Forestry Bill 2013: Second Stage

Question proposed: "That the Bill be now read a Second Time."

I welcome the Minister of State, Deputy Tom Hayes.

I am pleased to present the Forestry Bill 2013 to this House and look forward to Members' constructive contributions on its provisions.

Since the beginning of its passage through the legislative process, the Bill has been the subject of much discussion with stakeholders and Oireachtas Members. I am pleased to announce that as a consequence of these consultations I propose to introduce a number of amendments to the Bill on Committee and Report Stages, which amendments I believe go a considerable way towards addressing the concerns expressed to me by a range of stakeholder interests. I believe a good balance has now been struck in the Bill that not only meets the needs of a flourishing industry but also serves the greater public good and protects the environment.

The purpose of the Bill is to reform and update the legislative framework for forestry. This will support the development of a modern forest sector which operates in accordance with the principles of good forest practice. The current regulatory regime, underpinned by the Forestry Act 1946 has been in place for almost 70 years. Considerable changes have occurred within the forestry sector during that time. There have also been many technological, scientific and regulatory developments in the intervening period. Key among these has been the recognition that forests are a multi-functional resource that provide significant economic, social and environmental benefits. As Minister of State with responsibility for forestry, I must ensure the governing legislation for forestry is flexible and facilitates rather than restricts the sustainable use and development of this important national and natural resource.

Before elaborating on the provisions of the Bill, it would be useful to put into context Irish forestry in terms of size and contribution to the economy of the country. By the early 1900s, forest cover in Ireland had been reduced to 1% of the land area of the country. This contributed to the need to regulate felling through the introduction of the Forestry Acts 1928 and 1946, which ensured that forest cover was maintained. The area of the national forest estate in Ireland is now over 730,000 hectares or almost 11% of the total land area. While this has expanded significantly since the early 1980s with the introduction of grant schemes aimed at encouraging private landowners, mainly farmers, to become involved in forestry, it is still relatively low compared to our EU counterparts given that almost 40% of total land in the European Union is under forest cover.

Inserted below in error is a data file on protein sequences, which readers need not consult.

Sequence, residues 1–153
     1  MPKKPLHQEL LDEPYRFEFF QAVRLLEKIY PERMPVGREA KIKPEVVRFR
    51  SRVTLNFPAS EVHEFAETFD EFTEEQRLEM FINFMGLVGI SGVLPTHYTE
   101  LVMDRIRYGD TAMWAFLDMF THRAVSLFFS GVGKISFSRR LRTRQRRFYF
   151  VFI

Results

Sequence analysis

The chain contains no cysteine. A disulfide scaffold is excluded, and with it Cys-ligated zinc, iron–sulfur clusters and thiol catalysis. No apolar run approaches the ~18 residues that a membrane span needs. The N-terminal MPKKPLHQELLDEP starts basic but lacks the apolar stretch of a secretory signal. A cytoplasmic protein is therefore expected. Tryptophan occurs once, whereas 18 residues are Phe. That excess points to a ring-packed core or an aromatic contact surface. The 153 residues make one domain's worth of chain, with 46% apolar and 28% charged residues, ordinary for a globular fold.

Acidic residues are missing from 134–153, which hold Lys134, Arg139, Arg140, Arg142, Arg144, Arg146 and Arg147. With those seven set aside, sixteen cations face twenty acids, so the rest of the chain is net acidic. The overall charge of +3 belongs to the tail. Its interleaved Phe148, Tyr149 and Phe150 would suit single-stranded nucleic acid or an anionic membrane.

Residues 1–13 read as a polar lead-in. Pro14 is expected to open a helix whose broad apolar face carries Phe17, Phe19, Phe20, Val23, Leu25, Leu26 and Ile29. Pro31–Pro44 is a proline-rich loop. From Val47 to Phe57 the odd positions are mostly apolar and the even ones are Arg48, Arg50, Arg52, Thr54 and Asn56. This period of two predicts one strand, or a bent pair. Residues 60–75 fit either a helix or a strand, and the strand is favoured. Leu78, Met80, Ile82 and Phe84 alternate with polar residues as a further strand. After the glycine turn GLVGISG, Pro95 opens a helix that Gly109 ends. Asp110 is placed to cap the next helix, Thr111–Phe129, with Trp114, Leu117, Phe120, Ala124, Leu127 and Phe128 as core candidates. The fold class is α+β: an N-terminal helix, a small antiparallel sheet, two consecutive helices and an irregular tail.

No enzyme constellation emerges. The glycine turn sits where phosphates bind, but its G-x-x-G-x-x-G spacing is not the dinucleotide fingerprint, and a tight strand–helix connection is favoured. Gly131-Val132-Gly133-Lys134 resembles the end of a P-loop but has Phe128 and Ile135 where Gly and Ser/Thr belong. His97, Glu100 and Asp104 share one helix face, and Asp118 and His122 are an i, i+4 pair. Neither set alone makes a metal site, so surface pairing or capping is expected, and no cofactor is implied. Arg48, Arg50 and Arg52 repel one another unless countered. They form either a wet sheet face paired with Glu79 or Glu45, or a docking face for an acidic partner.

More than 54% of the national forest estate is in public ownership, mainly through Coillte Teoranta, with the remaining 46% in private ownership. This contrasts with the position 20 years ago when 70% was in public ownership and only 30% was in private ownership. There are more than 19,000 private forest owners throughout Ireland, the majority of whom are farmers. Ireland's forest sector comprises a growing sector, a vibrant processing sector and a modern harvesting and transport sector, with total employment in the region of 12,000. These jobs are mainly in rural areas and make a significant contribution to the local economies in which they are based. Exports of wood products in 2012 were just over €300 million, with wood-energy and processing also expanding as forests enter the production phase. Ireland's forests are widely used by the public for amenity and recreation, with an estimated 18 million recreational visits to Irish forests each year. The number of visits continues to increase, making this area a huge part of our tourism resource.

Since my appointment as Minister of State with responsibility for forestry, I have visited forest plantations, nurseries and timber processing facilities to see first-hand the actual work involved. I have also met with a number of representative groups, including timber processors, forestry companies, forest owner groups - a new grouping established to protect the interests of the now many private forest owners - and environmental organisations. My door is open to all involved in this sector. During my travels around the country in the past 12 months I met many people who are committed to this industry and who are interested in working with the forest service and my Department to build it into the future, thus creating a huge number of jobs across rural areas.

I will now address the main provisions of the Bill and give a general outline of its scope and how the proposed system of regulation will work in practice. Members will appreciate that many of the provisions are standard, technical or legal provisions and do not require any further clarification.

Part 1 contains a number of general provisions including the Short Title, rules governing the laying of documents before the Houses of the Oireachtas, service of documents and expenses of the Minister.

Section 2 contains the important definitions which determine the scope of the Bill. It is of necessity an extensive list that draws on many aspects of forest operations and practices.